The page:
• Emajor Ogden, UT
    Dec. 24, 2012 3:51 a.m.

    By "hysteria and ignorance" do you mean the rush to buy more guns after the Sandy Hook tragedy, or do you mean the rush to buy guns after Barack Obama's first election win in 2008 even though he never made an attempt to restrict your access? Perhaps you meant the NRA's lazy suggestion of adding armed security guards at every school? Or are you referring to your bizarre assertion that the 2nd Amendment somehow will protect us against a modern military possessing helicopter gunships, high-yield precision warheads, and exceptionally trained soldiers who know how to use these weapons with great effectiveness?

    Gun ownership did little to help the Branch Davidians, so I am not sure what kind of hero scenario Mr. Allen has running through his head.

  • Salsa Libre Provo, UT
    Dec. 24, 2012 1:54 a.m.

    If every political candidate was identified as to their individual position on the NRA's policies regarding gun legislation, voters would decide if they wanted them in office making decisions on public safety issues.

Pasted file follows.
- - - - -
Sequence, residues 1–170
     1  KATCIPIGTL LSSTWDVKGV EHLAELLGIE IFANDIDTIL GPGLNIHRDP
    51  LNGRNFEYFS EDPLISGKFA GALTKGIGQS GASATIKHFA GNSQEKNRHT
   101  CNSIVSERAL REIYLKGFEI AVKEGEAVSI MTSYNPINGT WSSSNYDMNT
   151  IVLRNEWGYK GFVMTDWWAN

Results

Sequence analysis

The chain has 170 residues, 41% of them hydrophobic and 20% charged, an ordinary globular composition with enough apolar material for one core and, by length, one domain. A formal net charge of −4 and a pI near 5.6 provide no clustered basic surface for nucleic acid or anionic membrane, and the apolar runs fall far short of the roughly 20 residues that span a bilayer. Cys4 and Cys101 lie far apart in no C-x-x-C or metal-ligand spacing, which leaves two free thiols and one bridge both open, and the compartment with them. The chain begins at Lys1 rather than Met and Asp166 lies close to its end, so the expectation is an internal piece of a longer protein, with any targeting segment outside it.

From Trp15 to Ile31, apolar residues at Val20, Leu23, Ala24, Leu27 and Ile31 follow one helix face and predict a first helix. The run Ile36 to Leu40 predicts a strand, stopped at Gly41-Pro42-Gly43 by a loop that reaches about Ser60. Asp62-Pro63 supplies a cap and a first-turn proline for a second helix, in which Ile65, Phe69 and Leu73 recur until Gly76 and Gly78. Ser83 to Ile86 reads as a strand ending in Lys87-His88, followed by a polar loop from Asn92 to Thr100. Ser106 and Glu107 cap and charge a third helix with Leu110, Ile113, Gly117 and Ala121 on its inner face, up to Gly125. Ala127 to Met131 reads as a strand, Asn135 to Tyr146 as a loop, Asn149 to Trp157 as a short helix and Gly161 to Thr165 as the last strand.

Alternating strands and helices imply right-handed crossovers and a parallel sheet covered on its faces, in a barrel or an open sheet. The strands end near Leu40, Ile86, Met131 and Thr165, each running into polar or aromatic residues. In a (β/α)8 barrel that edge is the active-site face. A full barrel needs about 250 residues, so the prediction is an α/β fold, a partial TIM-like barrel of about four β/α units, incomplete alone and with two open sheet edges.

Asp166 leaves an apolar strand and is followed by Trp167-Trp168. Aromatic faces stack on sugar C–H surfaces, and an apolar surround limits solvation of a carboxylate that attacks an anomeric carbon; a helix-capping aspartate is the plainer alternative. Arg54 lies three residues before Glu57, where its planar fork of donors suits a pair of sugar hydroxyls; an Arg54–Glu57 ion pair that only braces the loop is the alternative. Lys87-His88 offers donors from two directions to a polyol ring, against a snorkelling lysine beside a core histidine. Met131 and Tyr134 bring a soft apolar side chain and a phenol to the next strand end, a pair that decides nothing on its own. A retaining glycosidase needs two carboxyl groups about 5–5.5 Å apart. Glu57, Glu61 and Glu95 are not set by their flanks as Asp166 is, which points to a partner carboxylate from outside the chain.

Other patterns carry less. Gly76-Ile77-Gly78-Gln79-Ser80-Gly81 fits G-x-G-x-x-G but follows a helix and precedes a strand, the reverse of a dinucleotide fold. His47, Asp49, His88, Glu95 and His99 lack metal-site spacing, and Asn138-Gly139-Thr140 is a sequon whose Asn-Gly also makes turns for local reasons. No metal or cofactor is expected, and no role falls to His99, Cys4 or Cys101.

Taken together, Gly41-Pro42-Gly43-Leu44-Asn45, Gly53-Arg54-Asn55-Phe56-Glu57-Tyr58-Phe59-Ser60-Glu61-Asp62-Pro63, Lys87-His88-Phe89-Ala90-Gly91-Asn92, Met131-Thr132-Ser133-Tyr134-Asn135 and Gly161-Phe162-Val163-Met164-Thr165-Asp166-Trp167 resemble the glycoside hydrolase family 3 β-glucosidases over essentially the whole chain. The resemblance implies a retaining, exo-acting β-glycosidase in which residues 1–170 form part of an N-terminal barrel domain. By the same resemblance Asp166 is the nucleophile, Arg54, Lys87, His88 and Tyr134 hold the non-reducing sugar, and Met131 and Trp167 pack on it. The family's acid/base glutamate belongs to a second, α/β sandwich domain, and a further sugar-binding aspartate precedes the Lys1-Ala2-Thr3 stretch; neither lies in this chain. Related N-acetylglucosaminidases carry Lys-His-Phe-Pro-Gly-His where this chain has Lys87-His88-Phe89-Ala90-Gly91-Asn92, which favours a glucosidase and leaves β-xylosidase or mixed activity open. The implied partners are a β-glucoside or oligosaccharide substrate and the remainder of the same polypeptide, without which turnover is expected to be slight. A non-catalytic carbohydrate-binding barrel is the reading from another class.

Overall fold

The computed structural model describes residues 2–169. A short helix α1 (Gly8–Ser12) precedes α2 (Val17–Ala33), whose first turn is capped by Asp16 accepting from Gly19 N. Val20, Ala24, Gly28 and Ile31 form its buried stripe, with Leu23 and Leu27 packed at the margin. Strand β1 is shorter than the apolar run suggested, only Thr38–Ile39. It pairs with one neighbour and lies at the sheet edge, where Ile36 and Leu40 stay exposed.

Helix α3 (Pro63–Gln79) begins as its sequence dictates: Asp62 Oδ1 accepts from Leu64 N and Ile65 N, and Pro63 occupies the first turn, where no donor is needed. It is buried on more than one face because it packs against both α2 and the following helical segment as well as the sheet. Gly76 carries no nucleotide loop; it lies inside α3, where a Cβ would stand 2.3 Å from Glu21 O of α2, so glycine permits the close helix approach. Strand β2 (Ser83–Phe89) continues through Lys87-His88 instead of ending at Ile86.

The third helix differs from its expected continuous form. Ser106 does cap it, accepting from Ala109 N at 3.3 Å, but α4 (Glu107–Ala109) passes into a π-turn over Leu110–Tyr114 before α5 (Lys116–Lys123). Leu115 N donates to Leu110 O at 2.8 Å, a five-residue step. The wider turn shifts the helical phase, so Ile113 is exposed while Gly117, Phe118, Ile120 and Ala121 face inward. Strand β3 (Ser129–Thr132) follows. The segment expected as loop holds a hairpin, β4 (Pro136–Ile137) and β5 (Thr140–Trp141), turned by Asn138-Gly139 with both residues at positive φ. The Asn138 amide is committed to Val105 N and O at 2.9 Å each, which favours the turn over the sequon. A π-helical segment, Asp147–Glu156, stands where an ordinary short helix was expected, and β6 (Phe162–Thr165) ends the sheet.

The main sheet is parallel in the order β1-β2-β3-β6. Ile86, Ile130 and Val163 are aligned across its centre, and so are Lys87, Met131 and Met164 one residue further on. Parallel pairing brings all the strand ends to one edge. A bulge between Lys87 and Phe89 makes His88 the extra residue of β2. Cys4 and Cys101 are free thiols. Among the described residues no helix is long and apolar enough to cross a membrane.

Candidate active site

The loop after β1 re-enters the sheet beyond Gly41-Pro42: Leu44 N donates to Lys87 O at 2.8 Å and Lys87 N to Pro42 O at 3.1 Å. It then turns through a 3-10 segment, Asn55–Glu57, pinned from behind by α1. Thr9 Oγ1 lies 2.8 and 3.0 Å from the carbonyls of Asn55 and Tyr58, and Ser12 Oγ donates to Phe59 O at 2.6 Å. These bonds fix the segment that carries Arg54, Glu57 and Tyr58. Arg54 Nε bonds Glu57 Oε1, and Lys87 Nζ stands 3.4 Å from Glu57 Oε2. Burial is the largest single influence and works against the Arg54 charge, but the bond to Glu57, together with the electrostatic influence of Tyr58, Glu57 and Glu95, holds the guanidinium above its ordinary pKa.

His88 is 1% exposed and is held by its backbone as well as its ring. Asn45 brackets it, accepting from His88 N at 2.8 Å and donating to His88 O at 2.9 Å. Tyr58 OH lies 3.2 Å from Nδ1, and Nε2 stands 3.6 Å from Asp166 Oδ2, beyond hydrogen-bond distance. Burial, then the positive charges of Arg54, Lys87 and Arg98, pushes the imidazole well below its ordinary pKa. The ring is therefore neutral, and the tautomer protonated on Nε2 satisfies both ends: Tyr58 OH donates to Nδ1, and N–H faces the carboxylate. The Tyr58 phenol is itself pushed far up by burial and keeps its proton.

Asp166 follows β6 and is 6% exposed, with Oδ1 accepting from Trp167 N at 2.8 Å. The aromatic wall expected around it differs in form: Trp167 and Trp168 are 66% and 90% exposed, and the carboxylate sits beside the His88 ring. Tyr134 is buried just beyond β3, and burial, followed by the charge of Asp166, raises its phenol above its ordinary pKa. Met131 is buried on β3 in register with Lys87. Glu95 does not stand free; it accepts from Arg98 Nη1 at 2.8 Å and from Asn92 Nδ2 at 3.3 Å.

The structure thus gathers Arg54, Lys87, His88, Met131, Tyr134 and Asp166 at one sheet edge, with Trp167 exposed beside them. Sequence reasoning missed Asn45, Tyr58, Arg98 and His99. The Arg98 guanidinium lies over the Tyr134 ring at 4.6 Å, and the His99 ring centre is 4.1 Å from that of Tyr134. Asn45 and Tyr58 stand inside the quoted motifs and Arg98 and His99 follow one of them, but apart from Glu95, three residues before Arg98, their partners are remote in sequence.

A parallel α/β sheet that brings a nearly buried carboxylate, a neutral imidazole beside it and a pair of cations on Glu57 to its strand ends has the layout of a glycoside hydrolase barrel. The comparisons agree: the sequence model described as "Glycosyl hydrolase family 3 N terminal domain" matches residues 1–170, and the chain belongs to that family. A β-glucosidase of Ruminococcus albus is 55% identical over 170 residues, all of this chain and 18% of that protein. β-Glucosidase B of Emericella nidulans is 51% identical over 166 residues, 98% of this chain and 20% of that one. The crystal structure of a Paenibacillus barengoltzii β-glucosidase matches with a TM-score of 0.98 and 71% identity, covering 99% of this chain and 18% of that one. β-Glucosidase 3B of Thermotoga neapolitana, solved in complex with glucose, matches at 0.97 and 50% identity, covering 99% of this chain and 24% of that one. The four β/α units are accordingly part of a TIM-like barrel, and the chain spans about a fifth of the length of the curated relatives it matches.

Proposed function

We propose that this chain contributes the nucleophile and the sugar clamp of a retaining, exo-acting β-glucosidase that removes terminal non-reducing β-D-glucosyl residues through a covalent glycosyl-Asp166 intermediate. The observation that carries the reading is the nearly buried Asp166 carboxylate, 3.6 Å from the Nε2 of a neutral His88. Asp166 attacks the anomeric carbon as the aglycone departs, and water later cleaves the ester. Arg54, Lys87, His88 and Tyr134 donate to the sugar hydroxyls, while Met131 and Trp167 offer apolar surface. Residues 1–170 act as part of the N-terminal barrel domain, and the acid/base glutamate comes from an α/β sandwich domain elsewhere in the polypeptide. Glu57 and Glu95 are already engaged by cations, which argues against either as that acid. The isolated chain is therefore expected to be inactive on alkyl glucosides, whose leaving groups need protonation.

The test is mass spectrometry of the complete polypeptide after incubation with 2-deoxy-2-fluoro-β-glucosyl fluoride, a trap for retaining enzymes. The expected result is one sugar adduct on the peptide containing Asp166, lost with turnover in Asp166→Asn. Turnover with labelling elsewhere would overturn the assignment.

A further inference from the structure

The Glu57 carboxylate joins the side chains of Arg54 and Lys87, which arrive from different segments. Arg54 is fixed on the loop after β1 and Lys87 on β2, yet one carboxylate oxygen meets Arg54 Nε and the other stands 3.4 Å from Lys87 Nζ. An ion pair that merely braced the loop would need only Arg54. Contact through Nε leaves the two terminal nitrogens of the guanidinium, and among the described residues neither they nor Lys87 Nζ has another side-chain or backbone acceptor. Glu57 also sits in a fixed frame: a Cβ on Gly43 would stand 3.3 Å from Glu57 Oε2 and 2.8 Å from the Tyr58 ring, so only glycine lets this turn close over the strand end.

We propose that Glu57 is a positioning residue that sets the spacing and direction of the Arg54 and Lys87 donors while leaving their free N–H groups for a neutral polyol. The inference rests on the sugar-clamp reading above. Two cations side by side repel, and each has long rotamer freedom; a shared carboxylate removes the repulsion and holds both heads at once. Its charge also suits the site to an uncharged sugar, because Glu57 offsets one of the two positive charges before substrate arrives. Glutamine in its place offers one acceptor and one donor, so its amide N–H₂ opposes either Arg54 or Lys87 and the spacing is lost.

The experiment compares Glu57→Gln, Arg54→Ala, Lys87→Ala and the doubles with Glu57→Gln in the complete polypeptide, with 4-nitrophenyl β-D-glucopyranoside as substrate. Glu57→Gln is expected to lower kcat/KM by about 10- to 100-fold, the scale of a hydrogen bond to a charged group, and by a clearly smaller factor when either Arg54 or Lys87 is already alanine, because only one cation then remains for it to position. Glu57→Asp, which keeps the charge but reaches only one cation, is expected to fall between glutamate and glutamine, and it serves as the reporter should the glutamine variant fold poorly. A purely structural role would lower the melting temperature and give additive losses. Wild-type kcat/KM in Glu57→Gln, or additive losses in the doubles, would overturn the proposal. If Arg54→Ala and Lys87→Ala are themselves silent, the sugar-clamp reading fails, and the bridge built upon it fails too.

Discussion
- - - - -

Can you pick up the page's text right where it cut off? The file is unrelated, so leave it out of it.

The argument that the Second Amendment is at stake is specious and absurd. Hunters, sportsment, and responsible gun owners will not be impacted by eliminating military-style guns and ammunition from public sale.

    A strict interpretation of the Second Amendment, if really looking at it from The Framers perspective, is that "everyone has a right to a musket, ball and powder." Although Wayne La Pierre of the NRA hasn't gotten there yet publically, he believes that the Second Amendment states that people have the right to any and all types of firearms, including automatic weapons and other military-type munitions as they may see fit to own.